But what’s involved in the process? Here are some of the considerations you may need to make before you head kiwi way.
Finding a job in New Zealand
It’s fairly easy to obtain a UK working holiday visa if you’re 18-30 years old and looking to spend no more than 12 months in New Zealand. But if you’re serious about moving your life permanently, it can be a little more complex. You can obtain an Essential Skills work visa if you are a skilled worker and your job is listed on the Immediate Skill Shortage List. If you are a farmer or you work in health and social care for instance, you can get this visa, but it is temporary and doesn’t guarantee you residency in the future.
A more permanent option, assuming your skills appear on the Long Term Skill Shortage List, is a Work to Residence visa. This allows people with specific skills to apply for permanent residency. This list includes trades, construction, engineering and health, but you have to be highly skilled.
Buying a property
The possibility of buying a property in New Zealand may depend on the type of visa you hold and it’s possible you will need to go through a screening process by the Overseas Investment Office. But once through this, property buying in New Zealand is regulated and organised, making it a simpler procedure than in the UK. It is also a pretty fast process, sometimes taking as little as three to four weeks to complete a house purchase; once a bid has been accepted, last minute offers cannot be considered which takes a huge amount of stress out of the experience.
As with any property buying process, take the time to get to know the area in and around the property: speak to neighbours, visit at different times of the day and ensure you understand the property’s land ownership agreement to avoid problems if you decide to sell in the future.
Making friends as an expat
Moving abroad can be an isolating experience for anyone, but it’s important not to accept that and go out and look for new friends. Don’t be afraid to look for other expatriates in New Zealand as there are a lot of them. If that’s still a struggle, or you live in a more remote area of New Zealand for your job, seek out activity groups that ignites a passion you have. Whether it’s sports, hobbies or a community group, take advantage!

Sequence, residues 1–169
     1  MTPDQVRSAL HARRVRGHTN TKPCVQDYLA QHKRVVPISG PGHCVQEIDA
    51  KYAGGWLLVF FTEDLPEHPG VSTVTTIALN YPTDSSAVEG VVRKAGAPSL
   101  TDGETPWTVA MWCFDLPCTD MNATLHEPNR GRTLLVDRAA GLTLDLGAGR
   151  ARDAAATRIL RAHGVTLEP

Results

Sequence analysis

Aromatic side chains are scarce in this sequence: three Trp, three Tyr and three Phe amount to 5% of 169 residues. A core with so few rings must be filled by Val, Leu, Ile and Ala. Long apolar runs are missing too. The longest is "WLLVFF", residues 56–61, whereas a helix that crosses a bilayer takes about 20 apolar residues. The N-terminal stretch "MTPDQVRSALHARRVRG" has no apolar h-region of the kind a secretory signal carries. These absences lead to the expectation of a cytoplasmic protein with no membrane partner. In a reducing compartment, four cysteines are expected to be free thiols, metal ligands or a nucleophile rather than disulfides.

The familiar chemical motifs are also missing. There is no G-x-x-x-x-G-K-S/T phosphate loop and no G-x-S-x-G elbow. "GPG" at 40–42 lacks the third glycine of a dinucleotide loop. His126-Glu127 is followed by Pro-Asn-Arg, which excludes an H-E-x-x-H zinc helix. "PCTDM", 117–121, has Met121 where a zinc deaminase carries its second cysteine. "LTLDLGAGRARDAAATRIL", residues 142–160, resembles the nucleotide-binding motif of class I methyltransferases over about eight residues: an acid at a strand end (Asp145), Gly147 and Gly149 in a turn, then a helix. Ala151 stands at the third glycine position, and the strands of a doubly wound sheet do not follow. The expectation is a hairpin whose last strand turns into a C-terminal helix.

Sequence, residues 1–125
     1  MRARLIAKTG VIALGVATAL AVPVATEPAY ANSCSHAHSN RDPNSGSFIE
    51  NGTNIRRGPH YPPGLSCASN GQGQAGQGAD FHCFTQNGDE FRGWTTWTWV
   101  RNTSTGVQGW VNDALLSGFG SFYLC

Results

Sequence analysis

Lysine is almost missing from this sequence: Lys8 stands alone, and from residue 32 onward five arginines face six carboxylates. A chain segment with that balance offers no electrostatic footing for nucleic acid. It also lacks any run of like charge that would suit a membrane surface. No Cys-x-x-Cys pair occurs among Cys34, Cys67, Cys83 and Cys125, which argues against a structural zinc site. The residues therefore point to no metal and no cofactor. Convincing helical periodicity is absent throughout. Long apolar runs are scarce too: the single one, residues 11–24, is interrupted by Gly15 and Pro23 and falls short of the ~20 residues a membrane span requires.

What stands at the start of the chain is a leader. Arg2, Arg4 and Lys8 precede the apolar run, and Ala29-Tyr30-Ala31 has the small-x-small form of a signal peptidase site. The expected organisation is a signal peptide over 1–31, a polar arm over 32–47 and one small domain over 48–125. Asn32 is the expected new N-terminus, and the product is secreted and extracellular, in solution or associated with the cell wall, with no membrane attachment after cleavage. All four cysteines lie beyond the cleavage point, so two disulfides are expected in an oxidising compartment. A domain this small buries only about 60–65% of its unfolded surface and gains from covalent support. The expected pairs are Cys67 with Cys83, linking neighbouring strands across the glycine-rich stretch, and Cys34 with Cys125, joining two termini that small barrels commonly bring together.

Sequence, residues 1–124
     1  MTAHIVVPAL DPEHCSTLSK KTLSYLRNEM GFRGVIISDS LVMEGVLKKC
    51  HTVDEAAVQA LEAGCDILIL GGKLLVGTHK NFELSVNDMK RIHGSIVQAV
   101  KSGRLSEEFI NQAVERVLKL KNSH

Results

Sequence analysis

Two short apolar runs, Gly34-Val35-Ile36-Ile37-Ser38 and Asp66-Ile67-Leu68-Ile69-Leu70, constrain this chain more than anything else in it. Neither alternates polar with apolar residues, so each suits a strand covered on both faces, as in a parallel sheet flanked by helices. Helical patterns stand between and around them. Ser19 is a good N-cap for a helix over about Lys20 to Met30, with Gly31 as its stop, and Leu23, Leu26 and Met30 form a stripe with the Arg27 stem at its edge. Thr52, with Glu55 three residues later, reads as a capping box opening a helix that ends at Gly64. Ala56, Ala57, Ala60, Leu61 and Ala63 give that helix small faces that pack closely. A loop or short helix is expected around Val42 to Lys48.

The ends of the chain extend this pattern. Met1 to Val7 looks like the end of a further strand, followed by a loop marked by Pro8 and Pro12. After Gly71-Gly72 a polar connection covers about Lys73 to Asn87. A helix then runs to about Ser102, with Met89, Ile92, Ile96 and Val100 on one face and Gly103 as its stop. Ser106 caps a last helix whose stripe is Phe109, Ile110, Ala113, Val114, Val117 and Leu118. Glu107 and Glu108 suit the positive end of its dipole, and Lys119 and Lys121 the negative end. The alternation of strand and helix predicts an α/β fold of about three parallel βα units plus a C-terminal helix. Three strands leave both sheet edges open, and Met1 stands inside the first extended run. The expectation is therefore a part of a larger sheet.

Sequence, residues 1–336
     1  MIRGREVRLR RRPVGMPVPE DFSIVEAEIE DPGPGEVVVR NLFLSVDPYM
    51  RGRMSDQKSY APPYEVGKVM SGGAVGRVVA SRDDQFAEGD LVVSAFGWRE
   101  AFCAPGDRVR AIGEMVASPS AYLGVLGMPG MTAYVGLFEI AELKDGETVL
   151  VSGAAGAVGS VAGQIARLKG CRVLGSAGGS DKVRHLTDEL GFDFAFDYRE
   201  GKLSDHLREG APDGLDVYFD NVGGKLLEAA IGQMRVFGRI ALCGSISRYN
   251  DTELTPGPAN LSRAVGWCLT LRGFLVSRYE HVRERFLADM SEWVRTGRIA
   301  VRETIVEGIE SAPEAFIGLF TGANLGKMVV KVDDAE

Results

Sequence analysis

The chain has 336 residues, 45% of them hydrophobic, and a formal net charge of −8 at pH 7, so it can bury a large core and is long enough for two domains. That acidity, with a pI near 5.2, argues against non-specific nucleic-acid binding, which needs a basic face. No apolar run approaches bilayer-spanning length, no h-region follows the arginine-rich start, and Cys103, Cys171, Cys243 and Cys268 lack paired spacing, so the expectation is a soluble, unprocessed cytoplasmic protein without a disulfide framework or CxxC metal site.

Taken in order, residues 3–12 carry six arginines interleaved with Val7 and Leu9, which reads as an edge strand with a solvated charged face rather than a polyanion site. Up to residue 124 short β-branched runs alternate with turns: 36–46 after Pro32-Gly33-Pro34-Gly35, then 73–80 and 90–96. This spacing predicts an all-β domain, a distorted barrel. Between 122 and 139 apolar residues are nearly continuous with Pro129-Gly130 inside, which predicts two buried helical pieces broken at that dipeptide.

Some New Zealand etiquette
It’s sometimes helpful to understand a little about the general etiquette of a country before you head over there. Here are some interesting things to know that may help your transition.
1. They drive on the left, too!
2. They don’t tip in New Zealand – they’re not being rude, it’s just not part of the culture.
3. Rugby is a very popular sport in New Zealand, but so is golf – there are more golf courses in New Zealand per capita of population than anywhere else in the world.
4. It’s worth learning a few words in Te Reo, the Maori language.
5. New Zealanders are similar to the British in that even the smallest of everyday encounters call for a polite ‘hello’ and ‘thank you’.
Pay money to New Zealand using specialist FX guidance
It is likely that you will need to pay money over to New Zealand to set up your life over there. If that is the case, it is worth seeking specialist foreign currency market guidance. moneycorp offer each and every client their own account manager who will get to know your needs and priorities and use this to explain various products and services we offer clients who are moving abroad. If you would like to take advantage of the services moneycorp offer, you can open an account online or by calling us on: 020 7589 3000.